How Physical Pain is a Teacher for the Pain of Entrepreneurship

Man seated in Black suit in white chair
Bishop Kevin Foreman (Courtesy of Bishop Kevin Foreman)

Considered one of Colorado’s most influential African Americans, Bishop Kevin Foreman is a preacher, business owner, author, life coach and speaker, often referred to as “The People’s Bishop.”

Born in Denver, Colo., and raised in Memphis, Tenn., Foreman founded and leads the progressive, multicultural, multi-generational, non-denominational Harvest Church in Aurora, Colo., and is in the process of opening a new church in Atlanta, Ga. Everything he does and creates, he says, is “focused on changing lives.”

An inductee into the Gospel Music Hall of Fame, he has authored five books, and created a healthy living initiative called #FitHarvest. His Harvest Foundation organizes community events to meet the practical needs of the people, including an annual Back to School event. As an entrepreneur, Bishop Foreman has created a step-by-step course to Building a Successful Business.

Combining both his counseling and business sides, Bishop Foreman spoke with  about how to move on from a painful past, and how to know if entrepreneurship is right for you. What was the first business that you recall starting?

Bishop Foreman: I was twelve and I started a combination of a tutoring service and a business loan program for young entrepreneurs under the age of 18. So I got my first business loan when I was twelve years old for $300 and pioneered that program. Were there business owners in your family?

Bishop Foreman: There were definitely entrepreneurs in different sectors. With me, it was just an innate drive and desire to take nothing and turn it into something. You’ve spoken in the past about people turning their pain into their purpose, but people sometimes are paralyzed by their pain. How can they push past that?

Bishop Foreman: Pain is a great teacher. Embrace the betrayal, hurt, loss, grief. Whatever the pain is, embrace it. Too often, we run from it. We waste tragedy, we waste conflict. The reality is, it’s here, it’s happening, deal with it, then you just extract the lessons from it. You self correct. You have to fight through and navigate it. Interrogate that pain so that it can lead to greater purpose. But for many, the first impulse is to anesthetize. They don’t know how to begin to embrace pain.

Bishop Foreman: People have to recognize that pain isn’t necessarily punishment. It’s a part of life. There’s the difference between those that succeed and those that perhaps are on their way to success. You must train yourself to respond differently. Is there a correlation between the failure to teach those skills and the level of incivility in today’s society?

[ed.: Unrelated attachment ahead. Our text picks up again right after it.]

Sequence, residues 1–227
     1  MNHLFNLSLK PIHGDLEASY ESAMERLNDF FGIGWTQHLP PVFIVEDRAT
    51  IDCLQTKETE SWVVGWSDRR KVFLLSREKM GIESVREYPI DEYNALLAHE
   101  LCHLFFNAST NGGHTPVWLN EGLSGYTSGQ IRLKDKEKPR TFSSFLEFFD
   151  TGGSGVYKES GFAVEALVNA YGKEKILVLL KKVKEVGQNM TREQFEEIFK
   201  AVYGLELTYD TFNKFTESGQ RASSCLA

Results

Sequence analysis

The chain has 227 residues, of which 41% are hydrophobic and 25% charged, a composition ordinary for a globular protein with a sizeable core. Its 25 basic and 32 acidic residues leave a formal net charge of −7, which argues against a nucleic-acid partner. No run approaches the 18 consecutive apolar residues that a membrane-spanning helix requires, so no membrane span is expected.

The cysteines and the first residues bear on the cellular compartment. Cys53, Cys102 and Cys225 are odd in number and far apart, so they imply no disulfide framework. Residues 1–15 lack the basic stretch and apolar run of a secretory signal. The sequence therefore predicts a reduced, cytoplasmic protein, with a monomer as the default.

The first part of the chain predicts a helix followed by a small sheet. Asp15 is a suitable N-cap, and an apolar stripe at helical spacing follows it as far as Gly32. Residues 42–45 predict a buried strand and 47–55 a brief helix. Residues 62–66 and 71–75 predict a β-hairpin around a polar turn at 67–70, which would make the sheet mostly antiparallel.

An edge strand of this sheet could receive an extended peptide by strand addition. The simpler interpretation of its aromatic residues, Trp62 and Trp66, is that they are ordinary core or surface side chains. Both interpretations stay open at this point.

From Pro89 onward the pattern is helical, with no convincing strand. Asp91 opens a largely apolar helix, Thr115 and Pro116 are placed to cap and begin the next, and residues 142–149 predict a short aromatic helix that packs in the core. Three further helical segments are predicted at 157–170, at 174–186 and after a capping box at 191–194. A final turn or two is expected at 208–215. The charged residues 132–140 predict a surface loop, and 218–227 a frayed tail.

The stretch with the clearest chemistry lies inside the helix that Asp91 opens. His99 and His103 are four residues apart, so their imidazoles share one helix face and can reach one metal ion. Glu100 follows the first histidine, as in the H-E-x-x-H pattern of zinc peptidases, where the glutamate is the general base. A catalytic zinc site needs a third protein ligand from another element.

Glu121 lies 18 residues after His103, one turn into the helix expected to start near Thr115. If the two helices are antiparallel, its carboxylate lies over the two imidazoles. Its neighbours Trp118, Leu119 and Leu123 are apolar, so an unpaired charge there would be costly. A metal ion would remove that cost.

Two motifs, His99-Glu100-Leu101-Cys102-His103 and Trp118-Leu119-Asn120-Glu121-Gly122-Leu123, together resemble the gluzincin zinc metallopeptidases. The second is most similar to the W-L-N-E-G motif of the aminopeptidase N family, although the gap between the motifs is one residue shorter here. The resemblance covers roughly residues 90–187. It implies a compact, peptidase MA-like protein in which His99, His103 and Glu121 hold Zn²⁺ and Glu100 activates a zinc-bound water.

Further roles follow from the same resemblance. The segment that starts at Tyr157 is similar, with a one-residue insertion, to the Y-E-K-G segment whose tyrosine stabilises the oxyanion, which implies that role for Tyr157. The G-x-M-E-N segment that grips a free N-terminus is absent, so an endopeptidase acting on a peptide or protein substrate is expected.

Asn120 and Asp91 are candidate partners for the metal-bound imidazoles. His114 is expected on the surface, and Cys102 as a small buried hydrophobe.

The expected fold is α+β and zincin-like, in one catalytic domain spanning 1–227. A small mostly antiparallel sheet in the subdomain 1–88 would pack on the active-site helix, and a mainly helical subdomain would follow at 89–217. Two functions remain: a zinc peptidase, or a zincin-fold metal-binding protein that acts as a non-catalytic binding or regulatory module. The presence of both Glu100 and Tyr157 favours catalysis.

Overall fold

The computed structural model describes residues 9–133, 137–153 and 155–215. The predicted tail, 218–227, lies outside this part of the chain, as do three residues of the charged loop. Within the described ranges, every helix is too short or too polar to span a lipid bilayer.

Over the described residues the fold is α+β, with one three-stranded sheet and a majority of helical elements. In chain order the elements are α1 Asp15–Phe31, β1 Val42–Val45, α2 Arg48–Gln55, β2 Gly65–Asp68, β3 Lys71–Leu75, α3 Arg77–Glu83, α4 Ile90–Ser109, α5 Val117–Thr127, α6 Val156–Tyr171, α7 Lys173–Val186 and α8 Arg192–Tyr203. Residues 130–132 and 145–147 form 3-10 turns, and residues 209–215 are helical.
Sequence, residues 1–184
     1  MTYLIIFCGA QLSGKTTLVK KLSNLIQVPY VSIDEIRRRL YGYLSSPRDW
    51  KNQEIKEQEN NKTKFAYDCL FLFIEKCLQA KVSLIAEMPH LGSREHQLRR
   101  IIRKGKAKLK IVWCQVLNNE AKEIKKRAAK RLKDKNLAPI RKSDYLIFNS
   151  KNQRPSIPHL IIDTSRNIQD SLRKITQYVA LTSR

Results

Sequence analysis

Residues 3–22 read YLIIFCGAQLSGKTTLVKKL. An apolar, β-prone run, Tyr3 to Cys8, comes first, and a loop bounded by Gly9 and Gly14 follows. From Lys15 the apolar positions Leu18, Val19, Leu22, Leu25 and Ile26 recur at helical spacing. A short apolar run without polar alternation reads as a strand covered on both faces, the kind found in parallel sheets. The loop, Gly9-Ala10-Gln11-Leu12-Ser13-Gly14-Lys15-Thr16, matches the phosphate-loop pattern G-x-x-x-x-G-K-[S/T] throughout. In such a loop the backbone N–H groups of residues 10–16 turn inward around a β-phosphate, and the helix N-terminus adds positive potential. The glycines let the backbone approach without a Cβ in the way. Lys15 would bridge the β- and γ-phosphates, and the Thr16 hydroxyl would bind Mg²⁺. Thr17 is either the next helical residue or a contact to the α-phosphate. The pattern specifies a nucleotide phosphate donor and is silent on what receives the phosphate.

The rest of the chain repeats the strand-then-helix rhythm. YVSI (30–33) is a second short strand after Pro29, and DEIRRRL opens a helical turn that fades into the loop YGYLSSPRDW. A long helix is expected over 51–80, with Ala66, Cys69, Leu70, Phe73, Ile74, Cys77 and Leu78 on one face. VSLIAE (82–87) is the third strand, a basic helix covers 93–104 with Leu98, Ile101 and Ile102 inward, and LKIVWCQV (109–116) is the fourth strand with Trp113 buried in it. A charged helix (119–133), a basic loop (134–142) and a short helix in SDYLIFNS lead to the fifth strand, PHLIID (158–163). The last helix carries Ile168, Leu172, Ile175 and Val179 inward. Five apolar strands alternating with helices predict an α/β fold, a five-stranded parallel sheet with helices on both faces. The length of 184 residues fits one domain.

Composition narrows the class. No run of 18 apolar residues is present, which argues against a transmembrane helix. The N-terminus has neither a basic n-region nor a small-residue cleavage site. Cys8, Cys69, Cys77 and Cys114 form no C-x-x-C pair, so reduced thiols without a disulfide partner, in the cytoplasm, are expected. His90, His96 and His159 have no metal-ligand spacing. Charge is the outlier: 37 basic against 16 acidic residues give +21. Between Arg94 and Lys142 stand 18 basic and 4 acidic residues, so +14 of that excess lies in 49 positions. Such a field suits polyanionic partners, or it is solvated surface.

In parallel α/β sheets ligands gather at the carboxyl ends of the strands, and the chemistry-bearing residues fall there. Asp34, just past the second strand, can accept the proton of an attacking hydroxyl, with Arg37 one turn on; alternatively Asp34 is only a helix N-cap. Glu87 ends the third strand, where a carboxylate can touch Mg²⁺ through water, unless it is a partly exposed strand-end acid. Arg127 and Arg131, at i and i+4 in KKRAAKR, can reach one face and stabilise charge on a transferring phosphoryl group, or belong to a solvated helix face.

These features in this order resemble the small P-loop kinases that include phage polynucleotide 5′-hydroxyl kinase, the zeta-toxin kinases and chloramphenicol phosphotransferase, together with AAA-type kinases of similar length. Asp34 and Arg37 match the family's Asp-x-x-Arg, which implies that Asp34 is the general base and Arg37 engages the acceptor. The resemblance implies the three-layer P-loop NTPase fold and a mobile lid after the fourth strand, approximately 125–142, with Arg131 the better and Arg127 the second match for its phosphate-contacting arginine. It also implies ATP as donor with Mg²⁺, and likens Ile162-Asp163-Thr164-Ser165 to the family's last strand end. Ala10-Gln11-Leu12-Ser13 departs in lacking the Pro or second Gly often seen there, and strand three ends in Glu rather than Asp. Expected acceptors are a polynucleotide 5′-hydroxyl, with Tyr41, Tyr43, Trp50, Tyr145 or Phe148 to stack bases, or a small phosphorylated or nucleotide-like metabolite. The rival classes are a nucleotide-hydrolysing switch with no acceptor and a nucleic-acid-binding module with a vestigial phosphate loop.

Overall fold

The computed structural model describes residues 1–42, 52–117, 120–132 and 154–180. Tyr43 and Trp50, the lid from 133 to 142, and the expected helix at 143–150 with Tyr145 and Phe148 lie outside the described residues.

Bishop Foreman: Absolutely. Consider the civil rights generation in America, for example, which endured water hoses to secure their basic rights, and fast-forward to today, where we have greater access to resources, [yet] we are more emotionally fragile. People feel entitled. When something goes wrong, they feel like something is wrong. They have come to expect that everything is supposed to go right because they weren’t taught that this is going to be a painful journey. What should would-be entrepreneurs ask themselves to determine if entrepreneurship is right for them?

Bishop Foreman: If you’re gonna be an entrepreneur, you have to get used to failure. You have to be okay with things flopping. Not everyone can handle that. You have to have a high pain threshold. You can only grow to the level of pain that you can process. You also have to have high risk tolerance and you have to be able to make decisions. Some people don’t like making tough decisions. Also, just because you’re a creative doesn’t mean you’re an entrepreneur. It doesn’t make you less of an individual if you’re not an entrepreneur. If everybody is the chief, who will be the tribe? Should you follow your passion? 

Bishop Foreman: No! That is the worst piece of advice anyone has ever given. You’re only passionate about what you’re good at so you create blinders about what you could become good at. I was a musician and even got honored by the Colorado Gospel Music Hall of Fame. I had all these other talents, skills and abilities that, had I only followed my passion, would not have been developed. Ask yourself three questions about your passion: Can it be monetized? Would I do it without pay? Because as an entrepreneur there are some moments when there is no pay. Third, who is the audience for this passion? For example, I live in Denver where it’s four percent African American, so soul food restaurants wouldn’t do well here no matter how passionate you are about it. Do you have a mantra or strategy for coping with daily challenges?

Bishop Foreman: One of them is, “go with the goers.” You can spend a lot of energy trying to get people on board, or you can just go with who wants to go. Number two: “Get it done.” My mentality is get up, go forward, make it happen, get it done. I deal with racism every day, most of it very subtle, and my third mantra is, “I am not gonna beg.” And that is from principle, not out of pride. Are there Biblical references to entrepreneurship?

Bishop Foreman: Luke 19:13 says, “Do business until I come.” People misunderstand the message of the Bible in that they think you can’t be spiritual and successful. Revelations 5:10 states, “And God has made us to be kings,” which means I get to be successful and spiritual. It’s not either or.